Armorial Bindings at the Signet Library: I. Bishop Cesi’s Leslie

I recently had the pleasure of teaching a workshop on descriptive bibliography at the Signet Library, the second I’ve now given there for postgraduates keen to develop their book historical skills.  Last year I had noticed a splendidly bound copy of Bishop John Leslie’s De origine moribus, et rebus gestis Scotorum (Rome, 1578) decorated with what looked to me like the arms of a continental prelate, but had been unable to satisfactorily identify the volume’s provenance.  This year, I think I’ve cracked it.

The mysterious binding (this and all subsequent images (c) Society of Writers to His Majesty’s Signet unless stated otherwise).

The book itself, an important Catholic response to the Scottish Reformation by one of Mary, Queen of Scots’s staunchest supporters, looks something like this (after all, I had to set my students a good example of pagination, collation, etc.):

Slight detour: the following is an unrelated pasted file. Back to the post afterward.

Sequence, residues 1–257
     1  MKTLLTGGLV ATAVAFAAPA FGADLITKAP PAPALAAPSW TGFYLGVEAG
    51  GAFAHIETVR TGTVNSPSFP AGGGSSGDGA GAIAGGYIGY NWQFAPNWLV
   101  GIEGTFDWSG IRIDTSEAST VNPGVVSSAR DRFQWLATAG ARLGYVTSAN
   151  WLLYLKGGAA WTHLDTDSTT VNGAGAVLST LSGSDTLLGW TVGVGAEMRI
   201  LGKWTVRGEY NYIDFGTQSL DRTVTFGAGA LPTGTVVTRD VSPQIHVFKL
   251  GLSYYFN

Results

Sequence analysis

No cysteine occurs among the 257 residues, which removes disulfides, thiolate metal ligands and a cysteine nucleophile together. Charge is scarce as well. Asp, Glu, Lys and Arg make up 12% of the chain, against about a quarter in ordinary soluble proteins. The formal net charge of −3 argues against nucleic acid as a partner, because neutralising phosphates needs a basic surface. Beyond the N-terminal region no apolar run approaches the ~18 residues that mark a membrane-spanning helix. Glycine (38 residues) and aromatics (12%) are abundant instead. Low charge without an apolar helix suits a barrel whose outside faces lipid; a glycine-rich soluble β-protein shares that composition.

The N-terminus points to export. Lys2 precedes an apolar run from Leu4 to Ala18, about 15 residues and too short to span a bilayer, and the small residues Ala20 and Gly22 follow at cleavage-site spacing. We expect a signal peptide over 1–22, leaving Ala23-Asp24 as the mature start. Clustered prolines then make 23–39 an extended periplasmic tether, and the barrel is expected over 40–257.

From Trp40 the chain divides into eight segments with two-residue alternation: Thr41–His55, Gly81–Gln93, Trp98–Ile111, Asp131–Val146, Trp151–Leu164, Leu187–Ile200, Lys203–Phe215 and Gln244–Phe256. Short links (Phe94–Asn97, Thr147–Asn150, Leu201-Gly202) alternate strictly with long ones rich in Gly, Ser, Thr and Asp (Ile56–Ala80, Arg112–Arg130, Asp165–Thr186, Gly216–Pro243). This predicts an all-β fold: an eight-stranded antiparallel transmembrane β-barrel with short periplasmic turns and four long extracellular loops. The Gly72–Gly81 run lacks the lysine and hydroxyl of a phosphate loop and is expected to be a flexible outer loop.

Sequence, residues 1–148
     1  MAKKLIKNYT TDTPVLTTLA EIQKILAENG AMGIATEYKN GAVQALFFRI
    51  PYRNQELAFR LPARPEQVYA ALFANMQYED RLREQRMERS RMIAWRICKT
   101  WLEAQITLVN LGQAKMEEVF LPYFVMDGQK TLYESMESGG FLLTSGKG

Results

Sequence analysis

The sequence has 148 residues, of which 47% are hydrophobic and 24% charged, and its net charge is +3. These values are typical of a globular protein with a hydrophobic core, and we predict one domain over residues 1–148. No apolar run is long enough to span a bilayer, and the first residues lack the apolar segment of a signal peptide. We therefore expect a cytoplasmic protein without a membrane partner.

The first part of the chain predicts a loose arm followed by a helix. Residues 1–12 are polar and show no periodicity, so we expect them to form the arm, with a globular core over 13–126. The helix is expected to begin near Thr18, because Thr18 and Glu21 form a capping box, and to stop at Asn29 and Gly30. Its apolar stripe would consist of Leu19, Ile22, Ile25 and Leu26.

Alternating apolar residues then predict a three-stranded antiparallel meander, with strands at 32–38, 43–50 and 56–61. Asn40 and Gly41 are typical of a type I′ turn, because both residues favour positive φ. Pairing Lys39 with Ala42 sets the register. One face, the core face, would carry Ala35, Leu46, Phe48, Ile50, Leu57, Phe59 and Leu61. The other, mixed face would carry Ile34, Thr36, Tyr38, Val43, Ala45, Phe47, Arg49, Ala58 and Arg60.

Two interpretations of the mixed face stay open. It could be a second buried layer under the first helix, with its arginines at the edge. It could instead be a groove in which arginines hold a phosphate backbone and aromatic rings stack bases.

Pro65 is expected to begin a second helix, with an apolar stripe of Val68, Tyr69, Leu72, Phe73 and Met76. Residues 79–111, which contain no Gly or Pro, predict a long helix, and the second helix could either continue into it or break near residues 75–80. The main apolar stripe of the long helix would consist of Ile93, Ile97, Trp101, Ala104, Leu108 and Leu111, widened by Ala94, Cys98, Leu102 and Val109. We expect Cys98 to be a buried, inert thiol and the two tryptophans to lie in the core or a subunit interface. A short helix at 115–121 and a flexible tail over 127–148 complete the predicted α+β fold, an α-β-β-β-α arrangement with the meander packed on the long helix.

John Leslie, Bishop of Ross.  De origine moribus, et rebus gestis Scotorum libri decem.  Rome: In Aedibus populi Romani, 1578.

Separate title page following p. 280: John Leslie. De rebus gestis Scotorum posteriores libri tres.  Rome: s.n., 1578.

EDIT16 33941; USTC 838078

4o. [40], 588, [32]pp.; a-e4A-R8S4T-Oo8Pp-Rr4Ss6; 10 copperplate engravings: (1) fold-out map ‘Scotiæ regni antiquissimi accurata descriptio’ following unpaginated preliminaries; (2) stemma I of the early Scottish kings facing p. 83; (3) ibid. II facing p. 113; (4) ibid. III facing p. 131; (5) ibid. IIII facing p. 173; (6) spectacular stemma of the Stewarts from Banquho facing p. 261; (7) royal arms printed above letterpress on verso of p. 282; (8) stemma of the family of Henry VII of England and Elizabeth his wife facing p. 341; (9) stemma of the family of James V facing p. 367; (10) stemma IX, the family of Queen Mary, facing p. 463.